The LCFS is designed to encourage the use of cleaner low-carbon transportation fuels in California, encourage the production of those fuels, and therefore, reduce GHG emissions and decrease petroleum dependence in the transportation sector. The LCFS standards are expressed in terms of the “carbon intensity” (CI) of gasoline and diesel fuel and their respective substitutes. The program is based on the principle that each fuel has “life cycle” greenhouse gas emissions that include CO2, CH4, N2O, and other GHG contributors. This life cycle assessment examines the GHG emissions associated with the production, transportation, and use of a given fuel. The life cycle assessment includes direct emissions associated with producing, transporting, and using the fuels, as well as significant indirect effects on GHG emissions, such as changes in land use for some biofuels. The carbon intensity scores assessed for each fuel are compared to a declining CI benchmark for each year. Low carbon fuels below the benchmark generate credits, while fuels above the CI benchmark generate deficits. Credits and deficits are denominated in metric tons of GHG emissions. Providers of transportation fuels must demonstrate that the mix of fuels they supply for use in California meets the LCFS carbon intensity standards, or benchmarks, for each annual compliance period. A deficit generator meets its compliance obligation by ensuring that the amount of credits it earns or otherwise acquires from another party is equal to, or greater than, the deficits it has incurred.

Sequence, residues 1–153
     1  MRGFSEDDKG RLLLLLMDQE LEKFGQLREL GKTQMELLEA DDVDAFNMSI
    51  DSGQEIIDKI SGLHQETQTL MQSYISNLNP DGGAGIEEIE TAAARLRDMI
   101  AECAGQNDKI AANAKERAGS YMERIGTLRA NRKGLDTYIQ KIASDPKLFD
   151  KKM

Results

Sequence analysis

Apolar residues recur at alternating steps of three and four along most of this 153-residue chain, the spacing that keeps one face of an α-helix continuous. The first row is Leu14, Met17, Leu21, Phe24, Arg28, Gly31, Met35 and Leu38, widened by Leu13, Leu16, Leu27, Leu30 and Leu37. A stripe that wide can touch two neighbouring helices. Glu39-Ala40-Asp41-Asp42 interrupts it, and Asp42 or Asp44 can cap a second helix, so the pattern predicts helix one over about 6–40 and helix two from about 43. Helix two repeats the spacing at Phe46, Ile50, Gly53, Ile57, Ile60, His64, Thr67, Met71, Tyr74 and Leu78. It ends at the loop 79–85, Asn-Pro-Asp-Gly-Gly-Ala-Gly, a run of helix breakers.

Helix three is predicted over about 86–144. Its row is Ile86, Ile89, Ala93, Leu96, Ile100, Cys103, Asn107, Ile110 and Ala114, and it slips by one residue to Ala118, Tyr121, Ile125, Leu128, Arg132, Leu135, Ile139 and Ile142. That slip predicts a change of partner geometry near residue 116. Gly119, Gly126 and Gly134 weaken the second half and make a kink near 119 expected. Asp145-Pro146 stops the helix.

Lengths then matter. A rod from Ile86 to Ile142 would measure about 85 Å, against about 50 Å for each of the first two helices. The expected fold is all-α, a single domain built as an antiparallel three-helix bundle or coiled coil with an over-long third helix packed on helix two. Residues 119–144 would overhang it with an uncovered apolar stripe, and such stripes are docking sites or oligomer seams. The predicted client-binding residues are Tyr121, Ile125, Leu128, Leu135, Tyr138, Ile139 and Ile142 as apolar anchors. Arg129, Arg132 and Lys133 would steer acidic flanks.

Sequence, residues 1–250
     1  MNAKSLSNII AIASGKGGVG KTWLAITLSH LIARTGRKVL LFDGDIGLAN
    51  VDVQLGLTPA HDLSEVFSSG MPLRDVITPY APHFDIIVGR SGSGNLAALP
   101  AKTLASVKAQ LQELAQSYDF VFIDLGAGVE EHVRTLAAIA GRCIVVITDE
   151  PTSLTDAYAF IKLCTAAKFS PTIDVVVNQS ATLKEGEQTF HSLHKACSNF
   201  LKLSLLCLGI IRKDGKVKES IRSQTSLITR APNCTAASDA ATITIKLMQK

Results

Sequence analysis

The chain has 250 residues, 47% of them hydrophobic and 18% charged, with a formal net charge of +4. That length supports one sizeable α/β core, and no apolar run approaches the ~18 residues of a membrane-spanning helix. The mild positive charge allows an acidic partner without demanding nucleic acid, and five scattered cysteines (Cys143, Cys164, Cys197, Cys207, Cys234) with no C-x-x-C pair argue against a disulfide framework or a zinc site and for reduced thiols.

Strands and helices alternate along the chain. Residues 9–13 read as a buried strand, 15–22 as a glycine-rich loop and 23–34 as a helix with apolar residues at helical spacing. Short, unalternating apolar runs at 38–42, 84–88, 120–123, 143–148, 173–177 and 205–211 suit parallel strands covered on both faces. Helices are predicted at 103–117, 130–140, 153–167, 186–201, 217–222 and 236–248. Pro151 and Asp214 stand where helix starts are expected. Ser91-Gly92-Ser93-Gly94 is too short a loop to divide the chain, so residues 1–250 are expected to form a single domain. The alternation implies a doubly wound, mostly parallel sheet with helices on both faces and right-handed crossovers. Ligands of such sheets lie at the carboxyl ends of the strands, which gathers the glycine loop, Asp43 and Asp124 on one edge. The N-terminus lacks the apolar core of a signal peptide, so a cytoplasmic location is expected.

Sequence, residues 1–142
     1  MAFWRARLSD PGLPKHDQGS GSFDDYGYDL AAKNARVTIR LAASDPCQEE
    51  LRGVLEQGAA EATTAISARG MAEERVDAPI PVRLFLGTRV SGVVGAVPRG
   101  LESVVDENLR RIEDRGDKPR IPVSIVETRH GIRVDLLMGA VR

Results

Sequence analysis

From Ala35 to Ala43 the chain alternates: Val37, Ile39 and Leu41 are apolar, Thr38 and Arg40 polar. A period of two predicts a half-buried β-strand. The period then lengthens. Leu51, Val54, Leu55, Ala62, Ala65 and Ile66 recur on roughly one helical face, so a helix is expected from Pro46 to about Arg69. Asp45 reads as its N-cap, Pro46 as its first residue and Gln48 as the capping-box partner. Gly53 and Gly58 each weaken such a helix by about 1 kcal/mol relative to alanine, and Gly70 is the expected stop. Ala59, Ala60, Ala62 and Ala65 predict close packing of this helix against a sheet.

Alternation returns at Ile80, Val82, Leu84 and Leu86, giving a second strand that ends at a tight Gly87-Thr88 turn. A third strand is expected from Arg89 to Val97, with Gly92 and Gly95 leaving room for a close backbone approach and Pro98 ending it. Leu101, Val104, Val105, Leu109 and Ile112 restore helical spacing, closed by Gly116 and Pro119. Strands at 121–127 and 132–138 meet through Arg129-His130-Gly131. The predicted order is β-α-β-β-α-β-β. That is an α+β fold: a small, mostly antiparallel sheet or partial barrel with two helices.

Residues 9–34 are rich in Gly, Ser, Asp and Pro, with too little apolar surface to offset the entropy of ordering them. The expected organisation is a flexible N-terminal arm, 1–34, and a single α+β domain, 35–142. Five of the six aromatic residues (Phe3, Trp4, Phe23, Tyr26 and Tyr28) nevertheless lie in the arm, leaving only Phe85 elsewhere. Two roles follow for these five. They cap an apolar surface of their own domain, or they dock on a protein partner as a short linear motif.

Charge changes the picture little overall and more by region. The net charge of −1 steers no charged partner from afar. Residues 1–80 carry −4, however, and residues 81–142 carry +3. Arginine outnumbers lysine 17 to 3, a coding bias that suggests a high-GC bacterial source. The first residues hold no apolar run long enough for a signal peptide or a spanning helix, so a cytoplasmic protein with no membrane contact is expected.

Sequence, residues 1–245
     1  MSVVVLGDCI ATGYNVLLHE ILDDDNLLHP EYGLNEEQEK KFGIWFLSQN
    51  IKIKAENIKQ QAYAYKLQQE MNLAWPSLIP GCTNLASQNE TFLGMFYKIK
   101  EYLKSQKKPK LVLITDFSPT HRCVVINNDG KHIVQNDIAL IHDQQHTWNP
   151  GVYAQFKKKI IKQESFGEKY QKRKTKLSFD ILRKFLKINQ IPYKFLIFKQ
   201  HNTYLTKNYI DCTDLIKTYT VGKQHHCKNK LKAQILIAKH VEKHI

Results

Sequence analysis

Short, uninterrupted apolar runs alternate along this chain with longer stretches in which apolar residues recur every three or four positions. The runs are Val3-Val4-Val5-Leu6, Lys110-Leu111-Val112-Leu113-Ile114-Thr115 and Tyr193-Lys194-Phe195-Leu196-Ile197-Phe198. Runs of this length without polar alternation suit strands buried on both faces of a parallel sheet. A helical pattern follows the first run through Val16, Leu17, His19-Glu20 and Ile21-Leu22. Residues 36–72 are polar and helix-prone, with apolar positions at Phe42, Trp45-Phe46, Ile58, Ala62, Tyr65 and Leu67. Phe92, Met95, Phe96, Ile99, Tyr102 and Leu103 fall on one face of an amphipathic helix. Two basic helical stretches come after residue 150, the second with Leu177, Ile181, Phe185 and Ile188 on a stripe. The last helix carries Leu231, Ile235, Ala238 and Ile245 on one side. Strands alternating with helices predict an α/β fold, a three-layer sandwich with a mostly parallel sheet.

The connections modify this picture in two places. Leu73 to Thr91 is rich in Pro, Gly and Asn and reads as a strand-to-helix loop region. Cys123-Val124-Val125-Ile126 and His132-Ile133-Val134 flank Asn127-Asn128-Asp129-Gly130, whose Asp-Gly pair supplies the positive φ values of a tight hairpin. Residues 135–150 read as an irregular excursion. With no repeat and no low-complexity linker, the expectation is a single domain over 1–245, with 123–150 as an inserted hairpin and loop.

Other jurisdictions are joining California, which is evident in the Pacific Coast Collaborative, a regional agreement between California, Oregon, Washington, and British Columbia, to strategically align policies to reduce GHG and promote clean energy. CARB has been routinely working with these jurisdictions, and over time, these LCFS programs will build an integrated West Coast market for low-carbon fuels that will create greater market pull, increased confidence for investors of low carbon alternative fuels, and synergistic implementation and enforcement programs. CARB also continues to engage with representatives from Canada and Brazil as they develop similar clean fuels program.